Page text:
Eel Families
American Eel [order Anguilliformes families Anguillidae (freshwater), Congridae (saltwater), Muraenidae (Morays), others, and order Synbranchiformes (Swamp Eels)] &mbsp; -   See also Cusk Eels.

Anguilliforms is a large order of fish that have become very elongated to the point of resembling snakes and worms. While related to other modern ray-finned fish they tend to be rather primitive and a bit simplified. Freshwater eels spawn at sea and die there. Their offspring enter rivers as juveniles and live there until time to spawn. Lacking scales in most cases and scales that can be scraped off without tearing the skin in all cases, eels are not kosher.   Drawing of American Eel by Ellen Edmonson and Hugh Chrisp, copyright expired.

More on Varieties of Fish

American Eel   -   [Anguilla rostrata]
American Eel

This freshwater eel is found in rivers and streams along the West Atlantic from Greenland to the tip of South America but is most common in the temperate zones of that range. Female eels can grow to 60 inches and 16 pounds but males only to 18 inches. North of the equator these eels go to the Saragaso Sea to spawn and die, a little to the west of where the European eels go. Aquaculture depends on capturing returning juveniles. There is a big market in Asia for these juveniles because of an eel shortfall there, but populations are declining and protections are being considered by the U.S. Fish and Wildlife Service. IUCN Red Listed EN (Endangered), do not catch or eat this eel.   Illustration from U.S. National Oceanic and Atmospheric Administration = public domain.

European Eel   -   [Anguilla anguilla]
European Eel

This freshwater eel is found in rivers and streams along the East Atlantic from Morocco to northern Norway and in the Mediterranean, Baltic and Black seas. These eels can grow to 52 inches and 14 pounds but market size is much smaller. These eels go to the Saragaso Sea to spawn and die, a little to the east of where the American eels go. Aquaculture depends on capturing returning juveniles but the runs have been scant recently and this eel is IUCN Red Listed CR "Critically Endangered". Do not catch or eat this eel.   Photo by Ron Offermans distributed under license Creative Commons Attribution-Share Alike 3.0.

Baby eels, still nearly transparent, have long been very popular in Spain. They are caught as they enter the rivers from their trip across the Atlantic, and are considered best fresh. In North America, they are only available canned, at 2016 US $10.20 per ounce. Fake surimi baby eels are available from the same store at $1.20 per ounce, and are not endangered.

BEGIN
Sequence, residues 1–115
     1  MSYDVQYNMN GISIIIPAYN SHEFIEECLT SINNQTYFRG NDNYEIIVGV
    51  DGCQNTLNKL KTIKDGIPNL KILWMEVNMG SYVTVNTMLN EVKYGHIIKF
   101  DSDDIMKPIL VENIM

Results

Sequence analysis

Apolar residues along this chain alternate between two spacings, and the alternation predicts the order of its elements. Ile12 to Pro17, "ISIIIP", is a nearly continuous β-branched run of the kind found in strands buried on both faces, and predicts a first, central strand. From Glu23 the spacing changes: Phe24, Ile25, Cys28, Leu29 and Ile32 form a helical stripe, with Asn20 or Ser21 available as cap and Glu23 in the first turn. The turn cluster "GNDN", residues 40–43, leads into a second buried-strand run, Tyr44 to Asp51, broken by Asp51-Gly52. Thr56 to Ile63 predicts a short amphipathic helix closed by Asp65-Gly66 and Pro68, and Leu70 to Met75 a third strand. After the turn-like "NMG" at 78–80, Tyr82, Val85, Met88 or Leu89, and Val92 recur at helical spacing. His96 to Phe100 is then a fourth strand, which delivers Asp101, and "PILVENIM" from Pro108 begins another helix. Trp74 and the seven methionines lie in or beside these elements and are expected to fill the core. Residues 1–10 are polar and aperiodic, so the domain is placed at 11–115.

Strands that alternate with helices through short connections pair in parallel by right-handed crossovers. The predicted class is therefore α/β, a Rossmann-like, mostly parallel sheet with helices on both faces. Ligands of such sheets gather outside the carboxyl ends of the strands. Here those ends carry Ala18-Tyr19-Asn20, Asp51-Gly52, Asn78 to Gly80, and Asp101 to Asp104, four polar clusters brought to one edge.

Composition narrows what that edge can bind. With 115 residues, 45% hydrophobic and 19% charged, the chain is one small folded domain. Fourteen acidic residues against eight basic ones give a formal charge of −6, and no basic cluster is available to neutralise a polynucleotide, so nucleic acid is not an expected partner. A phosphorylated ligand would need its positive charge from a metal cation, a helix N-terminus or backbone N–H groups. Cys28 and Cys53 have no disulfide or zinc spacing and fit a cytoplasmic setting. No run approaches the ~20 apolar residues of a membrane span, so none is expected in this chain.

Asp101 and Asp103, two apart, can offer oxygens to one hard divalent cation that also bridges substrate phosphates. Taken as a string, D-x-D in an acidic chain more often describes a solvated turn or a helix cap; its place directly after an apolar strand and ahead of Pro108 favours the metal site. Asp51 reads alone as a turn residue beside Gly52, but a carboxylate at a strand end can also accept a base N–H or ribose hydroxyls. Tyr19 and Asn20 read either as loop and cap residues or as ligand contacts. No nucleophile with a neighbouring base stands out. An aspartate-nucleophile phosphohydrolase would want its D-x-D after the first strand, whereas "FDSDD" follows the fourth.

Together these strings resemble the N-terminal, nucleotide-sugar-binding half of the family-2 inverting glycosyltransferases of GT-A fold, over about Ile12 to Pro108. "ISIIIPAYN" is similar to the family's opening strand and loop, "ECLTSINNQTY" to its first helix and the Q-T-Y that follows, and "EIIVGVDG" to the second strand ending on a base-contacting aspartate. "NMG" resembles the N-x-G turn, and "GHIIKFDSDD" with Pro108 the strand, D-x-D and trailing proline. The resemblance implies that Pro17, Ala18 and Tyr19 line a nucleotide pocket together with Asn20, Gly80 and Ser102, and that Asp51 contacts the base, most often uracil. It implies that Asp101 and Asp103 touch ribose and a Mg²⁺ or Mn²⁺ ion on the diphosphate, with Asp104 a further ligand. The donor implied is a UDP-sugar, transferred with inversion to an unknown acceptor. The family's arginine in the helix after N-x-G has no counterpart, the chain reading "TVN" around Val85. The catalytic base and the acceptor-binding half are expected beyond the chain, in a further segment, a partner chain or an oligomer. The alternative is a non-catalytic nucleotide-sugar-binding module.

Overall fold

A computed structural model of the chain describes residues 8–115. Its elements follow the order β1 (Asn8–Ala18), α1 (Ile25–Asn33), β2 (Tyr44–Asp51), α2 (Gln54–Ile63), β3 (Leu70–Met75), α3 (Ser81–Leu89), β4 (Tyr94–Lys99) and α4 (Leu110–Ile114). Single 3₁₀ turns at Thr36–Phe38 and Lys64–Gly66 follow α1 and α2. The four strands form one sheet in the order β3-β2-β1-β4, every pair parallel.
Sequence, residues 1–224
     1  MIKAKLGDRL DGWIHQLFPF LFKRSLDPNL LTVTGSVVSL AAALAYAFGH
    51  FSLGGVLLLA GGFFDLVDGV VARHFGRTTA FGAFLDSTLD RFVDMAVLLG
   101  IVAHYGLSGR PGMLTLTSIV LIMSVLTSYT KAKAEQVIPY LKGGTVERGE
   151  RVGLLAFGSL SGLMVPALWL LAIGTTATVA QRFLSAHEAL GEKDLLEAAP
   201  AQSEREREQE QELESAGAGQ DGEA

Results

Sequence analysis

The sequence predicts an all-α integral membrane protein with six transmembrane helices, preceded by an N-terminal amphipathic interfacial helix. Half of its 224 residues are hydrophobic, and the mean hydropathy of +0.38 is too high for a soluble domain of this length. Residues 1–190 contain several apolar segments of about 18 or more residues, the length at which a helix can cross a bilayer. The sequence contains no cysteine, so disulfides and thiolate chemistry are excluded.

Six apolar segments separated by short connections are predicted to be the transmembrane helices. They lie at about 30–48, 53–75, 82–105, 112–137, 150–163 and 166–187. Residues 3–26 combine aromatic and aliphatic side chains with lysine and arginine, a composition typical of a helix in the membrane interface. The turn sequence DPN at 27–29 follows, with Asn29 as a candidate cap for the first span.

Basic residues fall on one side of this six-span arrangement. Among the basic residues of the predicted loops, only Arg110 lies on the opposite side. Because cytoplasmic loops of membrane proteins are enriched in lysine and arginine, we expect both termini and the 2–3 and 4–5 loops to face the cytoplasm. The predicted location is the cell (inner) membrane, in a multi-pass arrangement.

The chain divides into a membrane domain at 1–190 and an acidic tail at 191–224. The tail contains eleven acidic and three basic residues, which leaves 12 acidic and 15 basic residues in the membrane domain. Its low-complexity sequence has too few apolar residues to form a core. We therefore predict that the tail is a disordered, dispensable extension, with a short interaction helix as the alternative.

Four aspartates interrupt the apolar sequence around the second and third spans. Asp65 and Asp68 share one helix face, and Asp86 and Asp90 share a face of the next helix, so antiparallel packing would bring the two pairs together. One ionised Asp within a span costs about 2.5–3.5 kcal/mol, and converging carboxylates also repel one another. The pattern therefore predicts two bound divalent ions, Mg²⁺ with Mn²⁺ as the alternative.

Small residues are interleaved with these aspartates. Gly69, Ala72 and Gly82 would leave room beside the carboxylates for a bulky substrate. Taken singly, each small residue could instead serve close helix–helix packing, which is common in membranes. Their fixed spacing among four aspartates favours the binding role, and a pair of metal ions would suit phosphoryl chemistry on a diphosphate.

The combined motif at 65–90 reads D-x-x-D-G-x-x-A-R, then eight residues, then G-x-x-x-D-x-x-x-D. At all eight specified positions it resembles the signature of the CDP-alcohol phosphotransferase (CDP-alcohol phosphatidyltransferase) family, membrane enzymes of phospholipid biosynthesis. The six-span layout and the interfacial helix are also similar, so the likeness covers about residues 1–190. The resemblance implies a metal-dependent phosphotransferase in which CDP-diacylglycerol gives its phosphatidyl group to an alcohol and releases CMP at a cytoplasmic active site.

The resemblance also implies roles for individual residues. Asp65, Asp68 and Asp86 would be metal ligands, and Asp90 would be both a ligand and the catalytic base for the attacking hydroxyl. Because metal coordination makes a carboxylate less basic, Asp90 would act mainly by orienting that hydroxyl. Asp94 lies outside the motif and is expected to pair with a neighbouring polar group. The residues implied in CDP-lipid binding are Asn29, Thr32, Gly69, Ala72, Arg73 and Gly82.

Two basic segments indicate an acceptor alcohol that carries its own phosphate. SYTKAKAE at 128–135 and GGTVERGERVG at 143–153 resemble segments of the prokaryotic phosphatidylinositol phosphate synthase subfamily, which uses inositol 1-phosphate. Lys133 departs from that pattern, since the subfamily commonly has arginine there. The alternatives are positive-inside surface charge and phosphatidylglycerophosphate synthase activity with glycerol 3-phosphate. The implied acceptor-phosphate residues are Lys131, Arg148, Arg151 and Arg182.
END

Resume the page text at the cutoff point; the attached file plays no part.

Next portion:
Japanese Eel   -   [Unagi (sushi), Anguilla japonica]
Japanese Eel
This freshwater eel, native to Japan, China, and Southeast Asia including the Philippines, is caught wild and farmed. A. japonica spawns far out to sea and then dies, so aquaculture depends on capturing returning juveniles. They can grow to nearly 60 inches but are generally marketed much smaller. This fish is highly prized and expensive in Japan, and is not seen in California markets - in fact most farmed eels in Japan are now American eels because the supply of Japanese eels is approaching "none". IUCN Red listed EN (Endangered), do not catch or eat this eel.

Conger Eels   -   [Congrio (Spanish); Conger conger (European)   |   Anago (sushi); Conger myriaster (Japanese)   |   others of family Congridae]
Whole Conger Eel

This strictly ocean eel is much larger than the freshwater eels and much more robust in its reproduction habits. The European Conger can grow to nearly 10 feet and 350 pounds. They are found worldwide and there isn't a lot of difference from one species to another. They are farmed to some extent. The farms provide piles of long pipes for the eels to occupy with just their heads sticking out, often several eels per pipe.   Photo by Foundling distributed under license Creative Commons Attribution-ShareAlike v3.0 Unported.

Pike Conger   -   [Hamo (Japan); Daggertooth Pike Conger, Summer Eel; Ca Lat Cat Khuc (Viet); Muraenesox cinereus]
Piece of Eel

While this Indo-West Pacific eel can grow to 7 feet, it is commonly about 3 feet long. Though it is very expensive to prepare and bland in taste, hamo is very popular around Kyoto, Japan. In ancient times it was one of very few fish tough enough to survive a multi-day journey to the inland capital. It is shot full of bones and cannot be de-boned, so Kyoto sushi chefs use special techniques. The photo specimens, from Vietnam, were about 2 inches diameter by 2-1/2 inches high. This fish has no scales so is not kosher. Details and Cooking.

Spiny Eel   -   Not actually an eel, see Spiny Eel

Swamp Eel   -   [Rice Eel, Asian Swamp Eel, Yellow Eel; Monopterus albus of family Synbranchidae]
Whole Swamp Eel

This eel is native to Southeast Asia, China, Japan, and possibly Bangladesh. A very similar but smaller eel, M. cuchia is found from Pakistan through Bangladesh and Burma. M. albus can grow to a little over 39 inches but the photo specimen, bought off the ice (previously frozen) at an Asian market in California, was 32 inches and weighed 1.1 pound factory cleaned. This eel is in no way endangered and can be a pest. Feel free to eat as many as you'd like.   Details and Cooking.

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